The purpose of the family meeting is to create a culture within your family of open communication and shared responsibility. The model is simple—set aside approximately one hour per week to go over family schedules, discuss interpersonal challenges, and share responsibility for planning and implementation of new ideas.
What is it about the holiday season that leaves so many people stressed and anxious? Is it the extra social commitments? The financial burden of gift-giving? For many people, it is the prospect of spending time with extended family and all the history that holds. While some of us have wonderful memories of childhood holidays, many others have painful memories of sibling squabbles and rivalry, parental expectations kicked into high gear, and cringe-worthy conflict. For others, the challenge of melding two disparate sets of family traditions can feel like an emotional mind-field.
Some thoughtful planning can make a world of difference on how you and your family experience this holiday season.
- Recognize your own triggers about the holiday season. Are your memories of the holiday season positive or negative? What are you holding on to that may be getting in the way of relaxing and enjoying the time off?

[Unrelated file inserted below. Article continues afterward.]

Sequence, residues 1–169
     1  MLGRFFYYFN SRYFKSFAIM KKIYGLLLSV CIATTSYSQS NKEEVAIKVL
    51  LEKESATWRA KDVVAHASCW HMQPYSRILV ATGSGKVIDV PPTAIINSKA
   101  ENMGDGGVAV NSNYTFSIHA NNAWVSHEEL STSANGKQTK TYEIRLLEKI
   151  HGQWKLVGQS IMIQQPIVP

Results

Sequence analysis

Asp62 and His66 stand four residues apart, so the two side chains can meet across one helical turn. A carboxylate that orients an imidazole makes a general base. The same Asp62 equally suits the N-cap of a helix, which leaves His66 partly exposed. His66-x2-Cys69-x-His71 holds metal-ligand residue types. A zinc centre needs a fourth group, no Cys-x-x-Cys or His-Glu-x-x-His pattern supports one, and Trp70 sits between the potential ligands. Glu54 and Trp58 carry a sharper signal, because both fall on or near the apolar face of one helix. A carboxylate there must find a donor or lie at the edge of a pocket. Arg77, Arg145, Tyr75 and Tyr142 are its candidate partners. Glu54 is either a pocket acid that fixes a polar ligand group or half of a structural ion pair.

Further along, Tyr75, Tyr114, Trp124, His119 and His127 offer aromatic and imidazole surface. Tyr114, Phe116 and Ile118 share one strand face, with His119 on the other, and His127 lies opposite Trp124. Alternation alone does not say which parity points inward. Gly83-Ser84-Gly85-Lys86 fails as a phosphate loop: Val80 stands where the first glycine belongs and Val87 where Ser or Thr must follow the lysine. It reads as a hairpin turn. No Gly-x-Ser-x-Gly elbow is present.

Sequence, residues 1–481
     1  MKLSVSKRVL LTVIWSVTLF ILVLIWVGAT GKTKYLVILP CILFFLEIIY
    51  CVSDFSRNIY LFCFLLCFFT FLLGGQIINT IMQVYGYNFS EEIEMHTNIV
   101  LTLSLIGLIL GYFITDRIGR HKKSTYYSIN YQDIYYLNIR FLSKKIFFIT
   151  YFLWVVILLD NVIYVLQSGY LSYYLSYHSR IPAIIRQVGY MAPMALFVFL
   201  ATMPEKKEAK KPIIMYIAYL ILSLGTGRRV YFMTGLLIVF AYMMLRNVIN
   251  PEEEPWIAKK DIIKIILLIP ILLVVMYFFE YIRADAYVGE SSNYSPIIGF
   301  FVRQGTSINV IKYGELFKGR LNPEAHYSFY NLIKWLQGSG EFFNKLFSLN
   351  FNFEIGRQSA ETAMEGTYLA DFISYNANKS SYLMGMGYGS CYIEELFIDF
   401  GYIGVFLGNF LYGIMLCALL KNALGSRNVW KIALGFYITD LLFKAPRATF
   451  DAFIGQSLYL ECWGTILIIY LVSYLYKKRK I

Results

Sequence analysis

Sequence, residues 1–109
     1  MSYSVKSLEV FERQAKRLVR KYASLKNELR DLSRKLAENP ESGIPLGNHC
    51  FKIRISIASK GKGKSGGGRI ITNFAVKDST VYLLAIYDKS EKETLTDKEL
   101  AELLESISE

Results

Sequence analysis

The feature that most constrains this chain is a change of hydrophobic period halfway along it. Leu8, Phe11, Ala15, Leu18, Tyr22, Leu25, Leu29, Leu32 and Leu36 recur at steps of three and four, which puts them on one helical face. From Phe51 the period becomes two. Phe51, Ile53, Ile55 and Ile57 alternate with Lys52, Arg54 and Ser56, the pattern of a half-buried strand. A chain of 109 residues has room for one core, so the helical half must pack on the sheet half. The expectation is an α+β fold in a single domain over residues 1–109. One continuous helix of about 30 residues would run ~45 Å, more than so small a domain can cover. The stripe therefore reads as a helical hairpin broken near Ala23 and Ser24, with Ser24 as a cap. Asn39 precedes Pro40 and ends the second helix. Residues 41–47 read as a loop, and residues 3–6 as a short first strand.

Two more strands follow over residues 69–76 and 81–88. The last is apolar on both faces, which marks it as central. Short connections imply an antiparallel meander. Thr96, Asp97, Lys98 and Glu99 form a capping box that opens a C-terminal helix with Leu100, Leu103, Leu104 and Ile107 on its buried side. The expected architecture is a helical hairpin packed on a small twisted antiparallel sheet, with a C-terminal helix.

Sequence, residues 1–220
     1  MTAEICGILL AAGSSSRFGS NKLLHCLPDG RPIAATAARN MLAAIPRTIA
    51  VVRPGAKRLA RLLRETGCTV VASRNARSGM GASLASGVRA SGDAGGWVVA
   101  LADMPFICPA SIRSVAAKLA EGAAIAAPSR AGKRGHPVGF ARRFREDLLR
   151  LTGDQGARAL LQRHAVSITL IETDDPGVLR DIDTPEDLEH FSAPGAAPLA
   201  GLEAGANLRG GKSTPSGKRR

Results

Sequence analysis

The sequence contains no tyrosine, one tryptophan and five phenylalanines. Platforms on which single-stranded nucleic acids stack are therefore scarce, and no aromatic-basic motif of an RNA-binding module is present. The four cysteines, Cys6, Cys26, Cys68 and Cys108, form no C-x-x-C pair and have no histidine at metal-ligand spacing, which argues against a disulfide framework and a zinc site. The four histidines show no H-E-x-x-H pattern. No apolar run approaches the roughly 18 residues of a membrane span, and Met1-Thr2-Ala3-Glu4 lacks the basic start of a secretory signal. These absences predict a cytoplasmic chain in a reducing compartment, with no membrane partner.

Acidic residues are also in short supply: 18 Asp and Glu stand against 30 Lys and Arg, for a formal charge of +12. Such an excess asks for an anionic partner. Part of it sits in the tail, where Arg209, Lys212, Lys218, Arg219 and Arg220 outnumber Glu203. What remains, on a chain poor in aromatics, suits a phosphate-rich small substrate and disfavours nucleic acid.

I am constantly amazed at the wisdom of young people. This was shared with me recently, and with this young person’s permission, I am sharing it with you.
Through my life, I’ve learned a lot of things. Recently I’ve been contemplating a lot about what is important and what everyone should remind themselves of. So here are 16 beliefs/ideals I have. One for each year of my life!
1) Always ask questions. It helps you learn more, and more knowledge is always better.
2) Adults are your friends. In particular, your parents and teachers. They have been around a lot longer than you, and they are generally looking out for …you. One of my high school teachers has become someone who I consider a great friend, and someone I want to stay in touch with after high school. [Read more…]
There are few moments in a parent’s life more monumental than having their child move out to start his or her new life. Today, my eldest daughter moved into her very own home and embarked on her adult life. Although I haven’t written any poetry for nearly a quarter century, I guess her moving out moved me.
A Poem for My Eldest Daughter
The bittersweet boxes sit by the front door.
I see the gleam of anticipation in her eyes.
The future–her future–tugs impatiently at her hand,
I want to hold the door shut just one more day,
One moment more,
So the little girl I brought into this world cannot escape.
18 years rush by like a freight train on the night run.
Future, please treat her gently.
She is newly made
How do we stay connected in the face of our teen pushing away & pushing for more autonomy?
It does seem like an odd contradiction – they want less–or nothing– to do with us, and we want to stay connected to them. It seemed much simpler when they were younger…
So what are the key things parents can do to promote positive attachment with their teen?
Here is the first of my “top 5″! [Read more…]